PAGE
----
Funny South African

Funny South African

We call a bathing suit a “swimming costume” or a “cozzie”.

We call a traffic light a “robot”.

We call a sandwich a ‘sarmie’

We call an elevator a “lift” – but asking for a ‘lift’ doesn’t mean you want an elevator – you actually want a “ride”

We call a car hood a “bonnet”

We call a car trunk a “boot”

We call a pickup truck a “bakkie”

“Van” isn’t a vehicle – he’s the butt of some of the best jokes around (we use him to laugh at ourselves, unless he has a brandy with an Irishman & an Englishman – then we laugh at all of them)

We call a sidewalk a “pavement”

The first word that comes to mind when We see a dog snarling on the pavement is ‘Voetsek’

We call the 2nd storey of a building ‘the 1st Floor’

We call a jumper a “jersey”

We call a Barbeque a “Braai” & we ‘braai’ with real pieces of meat called ‘Tjops’ (Chops) not with mince & viennas.

When asked what is better than Boerewors, the only thing you can think of is a Boerewors Roll.

When something is really good it’s “Lekker”

If something is really Lekker it’s “Kiff” – you can even combine the two into “Lekker Kiff” for those odd occasions when something is …. well …. Lekker Kiff!

We call a friend “China” but until the Chinese stop snorting our Rhino horn & eating our Perlemoen (abalone) they will never truly be our “China’s”

“Boet” & “Broer” both mean ‘Brother’

Employees dance and sing in front of the buildings – to show how unhappy they are.

We call your BAE (Before Anyone Else) your “Goose” or “Stukkie”. You take your “Goose” to the “Bioscope” (Cinema) & pray you won’t bump into your “Stukkie”

We call Tennis Shoes “Tekkies” – but when you say ‘check the Tekkies on that Volle’ ekse!’ It means ‘I say have you seen the tyres on that Volkswagen!’

We get cold easily. Anything below 16 degrees Celsius is Arctic weather.

We know what Rooibos Tea is & it pisses you off that other countries are selling it as if they invented it.

When somebody gets “too technical” (a South African past-time of picking a claim or statement to pieces) you tell them not to “split ball hairs”

We can sing our national anthem with gusto in four languages and you have no idea what it means in any of them.

We know someone, who knows someone, who has met Nelson Mandela.

We go to braais regularly, where you eat Boerewors, Tjops and swim, sometimes simultaneously, sometimes after a ‘papsak (wine)’ or ‘klippies & coke (brandy)’ you forget your cozzie.

We place a R100 note together with your driver’s licence when stopped by a traffic officer, because you never know ….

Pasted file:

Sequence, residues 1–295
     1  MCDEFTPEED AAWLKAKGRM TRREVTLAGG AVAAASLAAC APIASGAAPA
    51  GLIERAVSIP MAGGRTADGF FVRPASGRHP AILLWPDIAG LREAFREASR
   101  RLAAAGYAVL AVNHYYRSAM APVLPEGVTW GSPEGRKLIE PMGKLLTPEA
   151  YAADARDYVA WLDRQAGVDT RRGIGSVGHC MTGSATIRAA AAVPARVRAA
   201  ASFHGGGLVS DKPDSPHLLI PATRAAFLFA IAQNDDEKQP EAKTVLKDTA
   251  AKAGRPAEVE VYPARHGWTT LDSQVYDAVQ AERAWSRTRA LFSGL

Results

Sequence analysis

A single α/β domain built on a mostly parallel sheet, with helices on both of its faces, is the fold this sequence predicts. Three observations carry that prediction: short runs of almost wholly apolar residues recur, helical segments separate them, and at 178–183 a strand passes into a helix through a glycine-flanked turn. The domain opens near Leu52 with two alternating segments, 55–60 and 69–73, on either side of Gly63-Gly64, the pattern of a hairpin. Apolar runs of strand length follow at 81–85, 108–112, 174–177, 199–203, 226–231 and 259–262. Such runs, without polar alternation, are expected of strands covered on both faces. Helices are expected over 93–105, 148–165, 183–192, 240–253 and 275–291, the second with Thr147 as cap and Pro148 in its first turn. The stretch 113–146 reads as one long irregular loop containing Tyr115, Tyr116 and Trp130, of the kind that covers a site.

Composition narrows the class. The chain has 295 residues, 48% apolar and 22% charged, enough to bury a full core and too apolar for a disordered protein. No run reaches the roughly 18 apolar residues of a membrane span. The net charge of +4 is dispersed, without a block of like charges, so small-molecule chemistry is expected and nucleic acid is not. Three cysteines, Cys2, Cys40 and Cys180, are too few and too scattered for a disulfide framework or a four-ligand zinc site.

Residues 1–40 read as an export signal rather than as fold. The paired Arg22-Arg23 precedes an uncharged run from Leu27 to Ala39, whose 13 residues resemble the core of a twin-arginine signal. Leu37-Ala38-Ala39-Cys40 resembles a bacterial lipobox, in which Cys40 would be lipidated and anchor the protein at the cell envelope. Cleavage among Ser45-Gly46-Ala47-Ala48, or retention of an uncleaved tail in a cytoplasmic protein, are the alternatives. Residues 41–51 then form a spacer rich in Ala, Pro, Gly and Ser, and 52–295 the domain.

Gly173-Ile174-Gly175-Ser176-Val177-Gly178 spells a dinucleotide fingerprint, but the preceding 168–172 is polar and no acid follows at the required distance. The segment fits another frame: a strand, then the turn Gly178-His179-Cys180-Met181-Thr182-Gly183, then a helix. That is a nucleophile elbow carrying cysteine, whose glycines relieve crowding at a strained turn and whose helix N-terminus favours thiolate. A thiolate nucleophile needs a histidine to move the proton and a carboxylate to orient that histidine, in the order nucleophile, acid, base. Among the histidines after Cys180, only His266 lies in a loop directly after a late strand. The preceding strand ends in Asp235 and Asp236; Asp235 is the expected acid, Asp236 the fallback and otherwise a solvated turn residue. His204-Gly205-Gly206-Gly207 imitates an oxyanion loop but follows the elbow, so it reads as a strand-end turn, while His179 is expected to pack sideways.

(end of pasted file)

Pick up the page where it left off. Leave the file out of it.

We can do our monthly shopping & get a haircut on the pavement – at robots (traffic lights) you can buy sunglasses, black bags, hangers, hats, selfie-sticks, passport & Licence disc holders.

Most car guards are “Boetie’s” from other African Countries & they have university degrees. If you want to have informed, deep conversations, chat with your Guard. There are more car guards than parking bays.

You know the certified number of people listed for a Taxi is just a ‘suggestion’ – a taxi can & must carry at least twice that number in any given trip.

We travel 100’s of kilometres to see snow.

We know the rules of Rugby better than any referee!

Our Soccer Team wins if your “Vuvuzela’s” are the loudest!

When we say something is “‘n bietjie lig in die broek” you aren’t saying ‘there’s a little light in his pants’ you’re saying there’s ‘no substance in it’ – think of Twiggy trying on Kim Kardashian’s trousers!

People have the most wonderful names: Christmas, Goodwill, Pretty, Wednesday, Blessing, Brilliant, Gift, Precious, Innocence and Given, Patience, Portion, Coronation, Beauty.

“Now now” or “just now” can mean anything from a minute to a month.

We continue to wait after a traffic light (robot) has turned to green to make way for taxis who are allowed to go through orange (amber) as well as ‘early red’

When you phone a Government department you know beforehand that you are going to be repeating your story at least 5 times, as reception patches your call to ‘Hope’ who transfers your call to ‘Faith’, who puts you through to ‘Patience’, who says you need to call back Wednesday & you hang on for a further 10 mins before it dawns on you that she meant the day not the person.

Travelling at 120 km/h, you’re the slowest vehicle in the suburbs.

When you venture onto the highways, you use the left lane & still doing 120km/h you cruise by everyone else as they hog the ‘fast’ right lanes.

You have to prove that you don’t need a loan to get one..

We love South Africa and its crazy “South-african-isms”

2018-09-05T16:08:12+00:00News|